To summarize, in Conley, the Supreme Court adopted what in law school most of us knew as the notice pleading regime.  Conley stated:

[T]he Federal Rules of Civil Procedure do not require a claimant to set out in detail the facts upon which he bases his claim.  To the contrary, all the Rules require is “a short and plain statement of the claim” that will give the defendant fair notice of what the plaintiff’s claim is and the grounds upon which it rests.  The illustrative forms appended to the Rules plainly demonstrate this.  Such simplified “notice pleading” is made possible by the liberal opportunity for discovery and the other pretrial procedures established by the Rules to disclose more precisely the basis of both claim and defense and to define more narrowly the disputed facts and issues.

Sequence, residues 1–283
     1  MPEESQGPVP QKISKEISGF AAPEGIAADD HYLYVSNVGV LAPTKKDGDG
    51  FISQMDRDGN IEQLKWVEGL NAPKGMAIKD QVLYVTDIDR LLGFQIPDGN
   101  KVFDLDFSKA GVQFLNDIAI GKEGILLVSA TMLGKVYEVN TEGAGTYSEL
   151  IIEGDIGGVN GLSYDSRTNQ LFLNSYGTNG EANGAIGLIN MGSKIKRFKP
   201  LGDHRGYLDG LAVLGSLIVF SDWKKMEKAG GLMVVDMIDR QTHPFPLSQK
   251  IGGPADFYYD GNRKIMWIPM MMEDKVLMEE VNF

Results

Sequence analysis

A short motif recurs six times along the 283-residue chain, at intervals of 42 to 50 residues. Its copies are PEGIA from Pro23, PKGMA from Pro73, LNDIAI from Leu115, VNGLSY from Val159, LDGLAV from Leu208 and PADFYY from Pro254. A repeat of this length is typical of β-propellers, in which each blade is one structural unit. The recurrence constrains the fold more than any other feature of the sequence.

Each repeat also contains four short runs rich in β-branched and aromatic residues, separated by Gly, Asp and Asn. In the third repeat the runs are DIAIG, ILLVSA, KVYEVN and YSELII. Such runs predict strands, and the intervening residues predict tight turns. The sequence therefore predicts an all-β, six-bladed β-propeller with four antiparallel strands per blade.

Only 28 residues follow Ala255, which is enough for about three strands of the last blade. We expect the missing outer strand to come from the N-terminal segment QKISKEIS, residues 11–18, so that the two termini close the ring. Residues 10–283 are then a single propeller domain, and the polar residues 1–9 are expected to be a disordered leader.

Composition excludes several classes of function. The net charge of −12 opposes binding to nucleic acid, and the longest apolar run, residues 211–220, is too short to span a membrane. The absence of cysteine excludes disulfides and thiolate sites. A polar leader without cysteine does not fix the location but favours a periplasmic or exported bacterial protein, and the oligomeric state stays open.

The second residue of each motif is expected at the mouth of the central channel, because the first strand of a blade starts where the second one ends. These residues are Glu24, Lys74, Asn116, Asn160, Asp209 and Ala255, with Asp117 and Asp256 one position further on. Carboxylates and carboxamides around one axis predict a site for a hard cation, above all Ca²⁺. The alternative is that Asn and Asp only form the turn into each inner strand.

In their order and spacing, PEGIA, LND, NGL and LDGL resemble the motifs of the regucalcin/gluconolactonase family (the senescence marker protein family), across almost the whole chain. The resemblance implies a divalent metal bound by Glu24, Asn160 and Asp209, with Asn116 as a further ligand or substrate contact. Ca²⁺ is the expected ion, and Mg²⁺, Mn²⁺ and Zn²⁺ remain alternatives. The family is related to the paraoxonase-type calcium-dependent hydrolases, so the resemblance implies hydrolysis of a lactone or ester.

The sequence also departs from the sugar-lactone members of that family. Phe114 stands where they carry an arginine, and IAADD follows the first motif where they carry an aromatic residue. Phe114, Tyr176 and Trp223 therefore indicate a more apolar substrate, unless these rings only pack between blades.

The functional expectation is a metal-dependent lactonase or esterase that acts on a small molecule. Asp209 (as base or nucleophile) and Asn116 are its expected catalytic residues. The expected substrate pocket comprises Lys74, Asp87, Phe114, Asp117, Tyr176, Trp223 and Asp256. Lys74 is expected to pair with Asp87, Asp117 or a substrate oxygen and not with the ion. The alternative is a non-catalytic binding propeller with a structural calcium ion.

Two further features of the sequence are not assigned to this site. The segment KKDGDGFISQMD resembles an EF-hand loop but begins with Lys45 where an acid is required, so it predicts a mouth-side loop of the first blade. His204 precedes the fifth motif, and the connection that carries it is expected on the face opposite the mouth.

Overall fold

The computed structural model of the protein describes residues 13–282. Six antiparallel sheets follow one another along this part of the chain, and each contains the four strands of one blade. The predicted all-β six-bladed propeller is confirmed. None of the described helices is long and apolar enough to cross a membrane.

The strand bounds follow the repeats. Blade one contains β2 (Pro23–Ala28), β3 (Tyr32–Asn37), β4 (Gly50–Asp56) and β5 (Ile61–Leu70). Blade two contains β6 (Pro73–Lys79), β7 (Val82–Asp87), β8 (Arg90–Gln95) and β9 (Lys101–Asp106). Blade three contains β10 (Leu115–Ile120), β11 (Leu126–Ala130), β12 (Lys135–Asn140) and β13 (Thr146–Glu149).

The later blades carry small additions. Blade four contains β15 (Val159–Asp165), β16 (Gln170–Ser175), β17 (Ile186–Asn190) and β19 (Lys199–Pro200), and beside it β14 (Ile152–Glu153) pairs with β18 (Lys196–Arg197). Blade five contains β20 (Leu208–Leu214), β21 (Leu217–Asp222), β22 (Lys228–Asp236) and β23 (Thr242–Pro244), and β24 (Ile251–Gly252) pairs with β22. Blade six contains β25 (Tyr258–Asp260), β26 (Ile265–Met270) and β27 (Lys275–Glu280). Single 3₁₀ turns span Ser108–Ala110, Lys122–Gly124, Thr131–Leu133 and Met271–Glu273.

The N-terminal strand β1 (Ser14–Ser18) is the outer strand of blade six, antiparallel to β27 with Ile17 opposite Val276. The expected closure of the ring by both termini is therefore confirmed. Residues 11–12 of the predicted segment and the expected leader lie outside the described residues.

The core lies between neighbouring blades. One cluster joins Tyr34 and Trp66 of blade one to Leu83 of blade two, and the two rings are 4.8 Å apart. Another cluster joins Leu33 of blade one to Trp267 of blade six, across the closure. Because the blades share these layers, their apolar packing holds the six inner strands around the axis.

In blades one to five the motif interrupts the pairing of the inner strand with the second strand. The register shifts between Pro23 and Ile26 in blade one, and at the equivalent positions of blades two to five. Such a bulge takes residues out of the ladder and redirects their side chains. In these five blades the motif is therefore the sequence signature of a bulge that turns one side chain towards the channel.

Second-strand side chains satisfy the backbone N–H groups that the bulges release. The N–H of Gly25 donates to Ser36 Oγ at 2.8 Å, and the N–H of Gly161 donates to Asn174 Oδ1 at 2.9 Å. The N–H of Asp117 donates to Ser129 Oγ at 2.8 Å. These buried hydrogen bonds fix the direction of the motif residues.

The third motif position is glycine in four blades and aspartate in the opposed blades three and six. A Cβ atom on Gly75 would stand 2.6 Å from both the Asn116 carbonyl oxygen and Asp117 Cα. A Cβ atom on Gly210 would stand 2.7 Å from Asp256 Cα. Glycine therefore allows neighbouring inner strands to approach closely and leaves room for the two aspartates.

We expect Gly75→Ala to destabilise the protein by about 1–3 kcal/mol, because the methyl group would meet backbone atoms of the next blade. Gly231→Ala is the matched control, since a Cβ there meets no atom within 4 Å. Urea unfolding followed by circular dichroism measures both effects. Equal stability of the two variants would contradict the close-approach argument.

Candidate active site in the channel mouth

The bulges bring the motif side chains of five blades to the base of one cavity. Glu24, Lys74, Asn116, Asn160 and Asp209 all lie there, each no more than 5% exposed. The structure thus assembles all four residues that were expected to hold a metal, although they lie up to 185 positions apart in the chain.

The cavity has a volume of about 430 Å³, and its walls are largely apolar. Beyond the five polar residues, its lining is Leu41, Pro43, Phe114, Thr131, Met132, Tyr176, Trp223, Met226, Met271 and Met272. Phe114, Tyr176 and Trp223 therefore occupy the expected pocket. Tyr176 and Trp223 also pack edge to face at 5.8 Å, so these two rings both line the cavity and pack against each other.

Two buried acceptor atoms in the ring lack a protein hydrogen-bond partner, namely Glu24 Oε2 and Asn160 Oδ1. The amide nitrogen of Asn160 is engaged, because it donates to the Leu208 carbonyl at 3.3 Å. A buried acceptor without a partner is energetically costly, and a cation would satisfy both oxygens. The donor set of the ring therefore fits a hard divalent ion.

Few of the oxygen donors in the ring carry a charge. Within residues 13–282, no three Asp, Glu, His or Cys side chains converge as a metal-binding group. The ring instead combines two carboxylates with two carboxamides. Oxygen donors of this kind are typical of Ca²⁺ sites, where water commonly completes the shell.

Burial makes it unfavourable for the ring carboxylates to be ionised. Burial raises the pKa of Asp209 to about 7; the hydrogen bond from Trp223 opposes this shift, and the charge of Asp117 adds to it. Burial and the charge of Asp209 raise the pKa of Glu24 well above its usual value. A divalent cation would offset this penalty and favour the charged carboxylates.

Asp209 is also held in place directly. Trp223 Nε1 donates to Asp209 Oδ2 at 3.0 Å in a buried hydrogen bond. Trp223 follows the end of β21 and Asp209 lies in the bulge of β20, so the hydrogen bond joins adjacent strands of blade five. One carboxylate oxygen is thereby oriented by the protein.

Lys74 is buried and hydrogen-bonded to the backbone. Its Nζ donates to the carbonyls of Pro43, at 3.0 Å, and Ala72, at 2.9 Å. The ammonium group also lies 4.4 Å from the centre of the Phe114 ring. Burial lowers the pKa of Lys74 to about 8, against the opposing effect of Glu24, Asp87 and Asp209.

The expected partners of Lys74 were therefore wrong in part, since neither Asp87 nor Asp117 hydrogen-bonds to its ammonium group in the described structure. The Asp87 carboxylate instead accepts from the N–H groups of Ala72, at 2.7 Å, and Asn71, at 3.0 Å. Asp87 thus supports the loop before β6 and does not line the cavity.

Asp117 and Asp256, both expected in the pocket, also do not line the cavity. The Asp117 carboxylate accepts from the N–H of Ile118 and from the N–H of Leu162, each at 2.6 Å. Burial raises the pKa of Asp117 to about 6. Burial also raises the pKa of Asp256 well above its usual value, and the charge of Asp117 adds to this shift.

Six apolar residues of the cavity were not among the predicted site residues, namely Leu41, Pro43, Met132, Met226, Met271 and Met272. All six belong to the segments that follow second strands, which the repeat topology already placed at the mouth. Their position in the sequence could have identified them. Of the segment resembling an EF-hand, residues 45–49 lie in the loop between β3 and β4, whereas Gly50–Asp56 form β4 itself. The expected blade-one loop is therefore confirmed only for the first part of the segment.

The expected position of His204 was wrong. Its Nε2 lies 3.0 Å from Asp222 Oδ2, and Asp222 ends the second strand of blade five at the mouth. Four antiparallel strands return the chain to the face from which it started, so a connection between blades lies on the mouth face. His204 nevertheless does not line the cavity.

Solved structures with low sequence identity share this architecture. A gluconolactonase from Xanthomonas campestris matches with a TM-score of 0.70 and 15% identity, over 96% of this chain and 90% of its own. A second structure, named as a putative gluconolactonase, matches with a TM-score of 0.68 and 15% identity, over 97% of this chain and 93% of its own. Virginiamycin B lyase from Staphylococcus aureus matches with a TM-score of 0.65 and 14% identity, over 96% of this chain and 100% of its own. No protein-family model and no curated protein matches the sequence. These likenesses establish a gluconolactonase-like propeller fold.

355 U.S. 47-48 (footnotes omitted).  Conley also famously stated that “a complaint should not be dismissed for failure to state a claim [under FRCP Rule 12(b)(6)] unless it appears beyond doubt that the plaintiff can prove no set of facts in support of his claim which would entitle him to relief”. Id., at 45-46.

By 2007, the Supreme Court was fed up with discovery abuses and nuisance settlements generated by the notice pleading standard and, in Twombly (an antitrust case), “retired” the famous statement from Conley in favor of a new standard:  Even though the courts should assume for purposes of such a motion that all facts stated in a complaint are true, there should be enough facts stated to plausibly infer that a cause of action could be proved after discovery.  No more simply stating legal conclusions as facts.  In 2009, in Iqbal, the Supreme Court clarified that this new plausibility pleading standard did not just apply to antitrust suits, but applied to all civil suits brought in federal district court.